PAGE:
Hannelore Fobo, based upon the findings of Evgenij Kozlov (2009)
Century XX >>
During the 20th century, three main trends emerged and have grown to dominate the artistic landscape.
The first trend is an intellectual one in which the work of art is seen as a material stand-in for its meaning. It appears as a code for a particular attitude of its creator, analysing society or human psychology with a “critical approach.” Therefore, the cipher key is required in order to “decode” the work. This trend, which includes deconstructivism, as well as pop-art, is focused upon the work’s message expressed in concepts and notions and, in the widest sense, can be defined as conceptual art.
In conceptual art the object of appreciation is the wit (at times gross and even crude), the esprit of the author, rather than his product. Most particularly, the product itself often consists in selecting, replicating and labeling an existing object. Thus, the work of art turns into a witticism, and its lifetime is accordingly short. It is no wonder that conceptual art offers a great opportunity for contextual analysis, as a witticism becomes clear only within a particular context. The success of conceptual art is based upon a delusion suggesting that to understand the artist’s intention is to recognise the value of the work of art.
The opposite trend, abstractionism, is an attempt to evoke feelings formed directly by the senses. Abstract art is the psychology of colour, form and line. It has a meditative character about it that seeks to exclude the speaking mind and give the observer an experience of pure perception. Whereas the first works of abstract art possess the power of innovation, of originality, the later works simply try to partake of this power.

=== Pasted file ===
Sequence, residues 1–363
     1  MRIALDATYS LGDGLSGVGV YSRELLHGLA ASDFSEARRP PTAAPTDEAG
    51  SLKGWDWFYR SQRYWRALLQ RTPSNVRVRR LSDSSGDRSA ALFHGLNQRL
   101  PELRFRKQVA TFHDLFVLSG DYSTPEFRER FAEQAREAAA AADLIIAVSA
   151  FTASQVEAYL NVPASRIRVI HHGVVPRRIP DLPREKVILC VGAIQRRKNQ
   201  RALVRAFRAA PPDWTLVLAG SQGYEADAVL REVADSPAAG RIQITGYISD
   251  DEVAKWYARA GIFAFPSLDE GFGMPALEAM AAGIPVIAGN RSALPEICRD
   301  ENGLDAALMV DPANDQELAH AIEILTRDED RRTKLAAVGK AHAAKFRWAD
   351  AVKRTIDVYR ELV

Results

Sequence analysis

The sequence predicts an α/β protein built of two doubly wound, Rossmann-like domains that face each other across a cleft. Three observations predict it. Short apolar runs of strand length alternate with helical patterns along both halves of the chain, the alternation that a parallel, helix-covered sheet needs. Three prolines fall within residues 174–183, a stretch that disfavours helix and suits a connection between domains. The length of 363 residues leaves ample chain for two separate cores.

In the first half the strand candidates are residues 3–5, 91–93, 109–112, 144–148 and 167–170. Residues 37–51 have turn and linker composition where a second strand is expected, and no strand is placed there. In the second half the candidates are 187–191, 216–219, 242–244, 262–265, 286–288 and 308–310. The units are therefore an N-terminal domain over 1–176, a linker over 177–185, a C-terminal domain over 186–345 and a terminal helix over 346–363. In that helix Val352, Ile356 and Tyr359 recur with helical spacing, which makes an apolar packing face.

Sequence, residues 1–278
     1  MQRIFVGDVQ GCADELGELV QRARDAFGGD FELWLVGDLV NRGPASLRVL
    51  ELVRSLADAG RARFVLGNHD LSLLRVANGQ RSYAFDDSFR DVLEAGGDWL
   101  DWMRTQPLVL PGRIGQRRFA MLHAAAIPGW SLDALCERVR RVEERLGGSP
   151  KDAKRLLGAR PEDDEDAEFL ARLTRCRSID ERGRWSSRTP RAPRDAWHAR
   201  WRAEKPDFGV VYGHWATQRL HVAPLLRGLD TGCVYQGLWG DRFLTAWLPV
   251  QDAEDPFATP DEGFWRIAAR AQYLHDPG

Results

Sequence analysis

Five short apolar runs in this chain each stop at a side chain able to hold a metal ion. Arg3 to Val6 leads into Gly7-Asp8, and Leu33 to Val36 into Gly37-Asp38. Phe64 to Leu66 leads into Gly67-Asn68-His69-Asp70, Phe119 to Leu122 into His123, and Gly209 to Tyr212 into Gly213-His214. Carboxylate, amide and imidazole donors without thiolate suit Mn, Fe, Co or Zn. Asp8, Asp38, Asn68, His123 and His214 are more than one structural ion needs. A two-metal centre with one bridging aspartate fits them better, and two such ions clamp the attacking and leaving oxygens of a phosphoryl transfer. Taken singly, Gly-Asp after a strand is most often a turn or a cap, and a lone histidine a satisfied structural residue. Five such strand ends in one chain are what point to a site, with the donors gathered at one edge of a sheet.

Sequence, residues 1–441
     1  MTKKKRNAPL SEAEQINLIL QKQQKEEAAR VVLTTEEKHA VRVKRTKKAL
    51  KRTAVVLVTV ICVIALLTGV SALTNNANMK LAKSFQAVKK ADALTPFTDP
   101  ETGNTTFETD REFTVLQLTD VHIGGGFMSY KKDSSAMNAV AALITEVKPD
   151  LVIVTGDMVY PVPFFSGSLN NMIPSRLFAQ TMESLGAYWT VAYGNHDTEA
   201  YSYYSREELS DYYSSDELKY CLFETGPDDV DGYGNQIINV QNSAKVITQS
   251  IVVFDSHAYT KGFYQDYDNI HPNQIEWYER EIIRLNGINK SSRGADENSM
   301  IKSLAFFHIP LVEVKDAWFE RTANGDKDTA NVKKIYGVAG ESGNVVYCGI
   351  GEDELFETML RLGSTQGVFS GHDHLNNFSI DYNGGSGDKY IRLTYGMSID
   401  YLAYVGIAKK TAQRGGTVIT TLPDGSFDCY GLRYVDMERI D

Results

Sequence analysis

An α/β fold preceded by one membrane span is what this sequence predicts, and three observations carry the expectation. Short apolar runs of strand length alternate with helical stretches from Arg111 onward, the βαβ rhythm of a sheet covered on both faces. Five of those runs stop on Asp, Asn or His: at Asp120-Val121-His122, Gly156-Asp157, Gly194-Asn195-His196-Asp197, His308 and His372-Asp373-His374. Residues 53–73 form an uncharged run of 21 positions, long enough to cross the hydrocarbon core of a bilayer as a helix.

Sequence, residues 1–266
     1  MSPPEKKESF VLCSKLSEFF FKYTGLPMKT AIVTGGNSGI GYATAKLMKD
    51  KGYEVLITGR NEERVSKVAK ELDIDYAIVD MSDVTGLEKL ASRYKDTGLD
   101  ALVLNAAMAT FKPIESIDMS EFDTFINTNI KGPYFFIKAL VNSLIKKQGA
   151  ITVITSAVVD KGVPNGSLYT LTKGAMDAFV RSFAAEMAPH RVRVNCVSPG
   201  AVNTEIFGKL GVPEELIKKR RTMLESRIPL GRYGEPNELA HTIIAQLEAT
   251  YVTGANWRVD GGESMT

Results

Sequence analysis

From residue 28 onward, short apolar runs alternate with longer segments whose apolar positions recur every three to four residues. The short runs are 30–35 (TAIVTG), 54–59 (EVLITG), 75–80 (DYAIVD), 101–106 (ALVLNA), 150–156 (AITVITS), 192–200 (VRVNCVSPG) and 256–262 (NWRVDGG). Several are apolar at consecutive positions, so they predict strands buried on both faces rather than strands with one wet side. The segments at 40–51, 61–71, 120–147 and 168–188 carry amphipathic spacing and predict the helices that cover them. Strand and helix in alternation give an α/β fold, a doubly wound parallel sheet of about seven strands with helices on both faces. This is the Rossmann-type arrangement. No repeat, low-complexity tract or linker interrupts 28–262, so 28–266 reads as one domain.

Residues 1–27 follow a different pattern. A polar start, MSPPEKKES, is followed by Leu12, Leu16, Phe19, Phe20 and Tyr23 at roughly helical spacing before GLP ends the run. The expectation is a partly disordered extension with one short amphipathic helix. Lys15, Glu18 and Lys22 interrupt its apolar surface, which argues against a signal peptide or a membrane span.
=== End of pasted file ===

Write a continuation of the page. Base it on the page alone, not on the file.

While conceptual art tends towards frivolity, abstract art tends towards contemplation. The frivolous work of art appeals to the person who is on the crest of time and enjoys fashionable discourse: conceptual art becomes parlour art supplying topics for highbrow small talk. The contemplative work of art appeals to the person who is in search of the inner self and is easily carried away by certain fancies. Captivating the mind with vague emotions, abstractionism becomes an attribute of the comfortable bourgeois lifestyle.
There are, however, works of art that challenge both the mind and the intuition by producing complex harmonies which include the unordered, the uncoded without arranging it, but rather establishing relations within it. There are works of art that accept chaos as it is and, at the same time, turn it into a higher order – they are CHAOSE ART.
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